George W. Bush left office six years ago – and his tax cuts still constrain President Barack Obama’s agenda. Obama had a sharp reminder of that fact this week.
The president tried to get rid of Bush’s 529 tax break for college savings accounts loved by many middle-class families. He found out how hard it is to remove taxpayer benefits bestowed by Bush, even if the middle class as a whole would benefit.
The White House gave up on its plan to end the 529 tax break Tuesday, six days before it was to be included in the president’s Feb. 2 budget proposal. Obama’s administration unsuccessfully tried to sell the idea as a way to redirect aid from upper-middle-class families toward people with less income who otherwise couldn’t afford college.
“You could have seen this coming seven miles away,” said Dean Zerbe, national managing director of Alliantgroup, a tax advisory firm based in Houston. “You’re putting your hand into a raccoon sack if you’re going to get involved with it.”
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The administration’s proposal would have ended the tax-free status of money withdrawn from 529 college accounts. Even though upper-income families disproportionately benefit from the break because its value increases with income, middle-income families use it, too.
Obama and his advisers may have been able to advance the proposal if they had built a case against the 529 break as part of a broader tax-code plan and a strategy to address college costs, Zerbe said. He was an aide to Senate Finance Committee Republicans during the Bush era.
For most taxpayers, Obama’s permanent accomplishments on tax policy have been a continuation of the framework outlined by Bush and implemented by Congress in 2001, 2003 and 2006.
Obama signed a law extending all of the Bush tax cuts for two years in 2010 and almost all of them indefinitely in 2013. The big features of Bush’s plans – the 10 percent tax bracket, across-the-board rate cuts, more generous estate-tax exemptions and equal standard deductions for married couples and two individuals – are now locked into U.S. law.
After several bruising fights with Congress, Obama was able to raise taxes on the highest-income households – married couples with incomes exceeding $450,000.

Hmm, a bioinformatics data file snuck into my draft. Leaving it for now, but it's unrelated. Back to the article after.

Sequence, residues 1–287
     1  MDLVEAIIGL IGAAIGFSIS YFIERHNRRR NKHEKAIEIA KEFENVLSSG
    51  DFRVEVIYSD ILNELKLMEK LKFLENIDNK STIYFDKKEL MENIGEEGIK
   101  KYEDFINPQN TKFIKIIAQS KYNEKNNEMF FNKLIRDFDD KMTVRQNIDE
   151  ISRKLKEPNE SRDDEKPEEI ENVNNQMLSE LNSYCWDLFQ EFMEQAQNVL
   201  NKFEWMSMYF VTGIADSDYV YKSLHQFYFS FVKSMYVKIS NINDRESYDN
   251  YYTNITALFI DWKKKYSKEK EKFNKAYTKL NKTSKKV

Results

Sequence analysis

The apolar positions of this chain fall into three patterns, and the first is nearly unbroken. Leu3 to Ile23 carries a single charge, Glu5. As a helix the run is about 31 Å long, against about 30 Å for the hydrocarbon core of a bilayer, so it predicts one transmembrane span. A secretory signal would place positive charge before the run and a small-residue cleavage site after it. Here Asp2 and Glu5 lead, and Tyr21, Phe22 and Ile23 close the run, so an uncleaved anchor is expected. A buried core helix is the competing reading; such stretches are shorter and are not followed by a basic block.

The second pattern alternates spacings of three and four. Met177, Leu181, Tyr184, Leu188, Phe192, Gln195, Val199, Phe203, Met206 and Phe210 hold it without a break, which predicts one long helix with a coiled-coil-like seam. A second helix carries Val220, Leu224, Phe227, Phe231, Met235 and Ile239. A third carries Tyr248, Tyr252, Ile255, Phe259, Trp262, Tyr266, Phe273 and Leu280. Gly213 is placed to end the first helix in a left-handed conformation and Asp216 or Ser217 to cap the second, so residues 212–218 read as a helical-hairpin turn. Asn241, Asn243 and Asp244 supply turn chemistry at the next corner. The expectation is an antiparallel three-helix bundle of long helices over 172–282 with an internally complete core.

The top 1 percent of households now faces higher rates on wages and capital gains than they did before Bush took office.
Obama has been able to enact temporary breaks for middle- income households and college students, some of which expire at the end of 2017 after he leaves office. Middle-class families are affected by some of his smaller tax increases – limits on health-care flexible spending accounts and higher cigarette taxes.
Those changes are the exception. With the two parties still at odds on major individual tax changes, the next president is set to inherit a budget deficit and a tax code that Bush and his allies in Congress designed as a way to return projected surpluses to the public.
Obama will detail his latest plan to raise taxes for the wealthy and lower them for lower-income households in next week’s budget plan. That now won’t include the plan to tax withdrawals from 529 accounts.
The provision would have raised about $1 billion over a decade. It would have financed only a fraction of the $50 billion expansion in tuition tax credits and other tax breaks, plus $60 billion in new education spending, that Obama outlined in his State of the Union address Jan. 20.
The episode sent Obama back firmly to his usual playbook – raise taxes for the rich and give the middle class more.
Senate Majority Leader Mitch McConnell, R-Kentucky, said Wednesday that he welcomed Obama’s decision to drop the plan on 529 accounts and embrace a “pro-middle class point of view.”
“I’m not sure why President Obama would have sought to undermine them in the first place,” he said on the Senate floor.
With assistance from Kathleen Hunter in Washington.